Jesús A. del Alamo



Jesús A. del Alamo at MIT

The Xtreme Transistors Group investigates novel transistor architectures based on new materials with the goal of expanding the frontiers of electronics to reach higher frequencies, higher speed, smaller size, extremely low power consumption, higher operating temperature, or to switch electrical power or amplify electrical signals at higher power levels. We have a particular interest on the potential of III-V and III-N compound semiconductors for new applications.

Our research is eminently experimental. We design and fabricate our own prototype transistors at the facilities of the Microsystems Technology Laboratories at MIT. We then characterize their operation in our own measurement laboratory. We also study the reliability of transistors under prolonged electrical, thermal and environmental stress. We build models and carry out simulations in order to understand the underlying physics. All our research is performed in close connection with industrial partners.

The iLab Project investigates the technology and pedagogy of online laboratories ("iLabs") for science and engineering education. iLabs are real experimental facilities that can be accessed through the internet from a regular web browser. This project has developed several iLabs for electrical engineering education. These have been used by thousands of students from around the world to carry out assignments in courses in electronic circuits and microelectronic devices. The iLab Project has also created the MIT iLab Architecture, an open-source toolkit of reusable modules and a set of standardized protocols to facilitate the rapid development and effective managements of iLabs on a worldwide scale. In collaboration with three Sub-Saharan universities, the MIT iLab team has been exploring the unique potential of iLabs in developing countries.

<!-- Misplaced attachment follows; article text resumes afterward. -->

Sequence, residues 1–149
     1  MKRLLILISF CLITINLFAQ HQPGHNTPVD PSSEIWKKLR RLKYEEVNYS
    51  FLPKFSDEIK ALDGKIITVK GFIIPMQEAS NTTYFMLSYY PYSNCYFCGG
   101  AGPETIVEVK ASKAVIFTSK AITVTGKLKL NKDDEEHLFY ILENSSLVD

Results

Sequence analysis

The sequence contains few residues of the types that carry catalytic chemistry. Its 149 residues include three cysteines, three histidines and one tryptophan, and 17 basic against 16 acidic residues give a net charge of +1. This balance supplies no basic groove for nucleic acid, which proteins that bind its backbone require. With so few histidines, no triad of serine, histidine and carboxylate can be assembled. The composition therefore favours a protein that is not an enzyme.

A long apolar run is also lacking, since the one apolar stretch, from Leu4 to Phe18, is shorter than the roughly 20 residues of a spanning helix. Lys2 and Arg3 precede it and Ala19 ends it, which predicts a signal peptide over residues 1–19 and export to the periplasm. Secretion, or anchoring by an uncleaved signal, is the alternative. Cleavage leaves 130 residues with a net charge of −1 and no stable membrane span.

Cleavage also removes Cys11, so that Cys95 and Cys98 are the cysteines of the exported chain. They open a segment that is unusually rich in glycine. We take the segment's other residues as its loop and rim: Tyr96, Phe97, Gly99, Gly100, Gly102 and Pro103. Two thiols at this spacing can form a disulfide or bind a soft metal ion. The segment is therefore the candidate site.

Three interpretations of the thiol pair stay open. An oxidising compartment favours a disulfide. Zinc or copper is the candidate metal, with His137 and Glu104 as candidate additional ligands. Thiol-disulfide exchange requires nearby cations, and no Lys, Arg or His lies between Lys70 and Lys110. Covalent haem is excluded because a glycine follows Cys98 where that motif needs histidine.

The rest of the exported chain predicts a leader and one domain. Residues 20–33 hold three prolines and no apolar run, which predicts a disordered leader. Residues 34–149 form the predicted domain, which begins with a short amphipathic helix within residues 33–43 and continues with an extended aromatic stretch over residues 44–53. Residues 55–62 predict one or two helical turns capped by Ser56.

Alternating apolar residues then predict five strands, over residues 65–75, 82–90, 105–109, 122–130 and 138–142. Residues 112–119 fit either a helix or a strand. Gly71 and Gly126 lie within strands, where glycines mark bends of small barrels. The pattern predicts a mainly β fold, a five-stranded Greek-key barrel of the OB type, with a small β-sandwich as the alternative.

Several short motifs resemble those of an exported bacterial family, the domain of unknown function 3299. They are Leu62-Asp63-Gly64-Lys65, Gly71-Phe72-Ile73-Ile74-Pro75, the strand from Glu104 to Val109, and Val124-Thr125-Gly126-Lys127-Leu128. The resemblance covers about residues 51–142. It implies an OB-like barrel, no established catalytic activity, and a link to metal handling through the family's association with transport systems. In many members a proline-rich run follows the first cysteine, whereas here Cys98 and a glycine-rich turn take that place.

Cross section of a self-aligned InGaAs Quantum-Well MOSFET with a gate length of 20 nm. This is one of the smallest III-V MOSFETs ever fabricated (research of Jerome Lim). Learn more here.
Planar view of a nano-transmission line model test structure to measure the contact resistance of nanoscale III-V contacts. The inset shows two contacts 19 nm in length and 170 nm apart (research of Wenjie Lu). Learn more here.

15 nm diameter, vertical InGaAs nanowire fabricated by reactive ion etching and digital etch. This is the core of vertical InGaAs nanowire MOSFETs fabricated by Xin Zhao. Learn more here
Screen shots of Microelectronics Device Characterization iLab used for students to measure the electrical characteristics of transistors and other microelectronic devices and circuits



© 2011 Massachusetts Institute of Technology | MIT | MTL | EECS |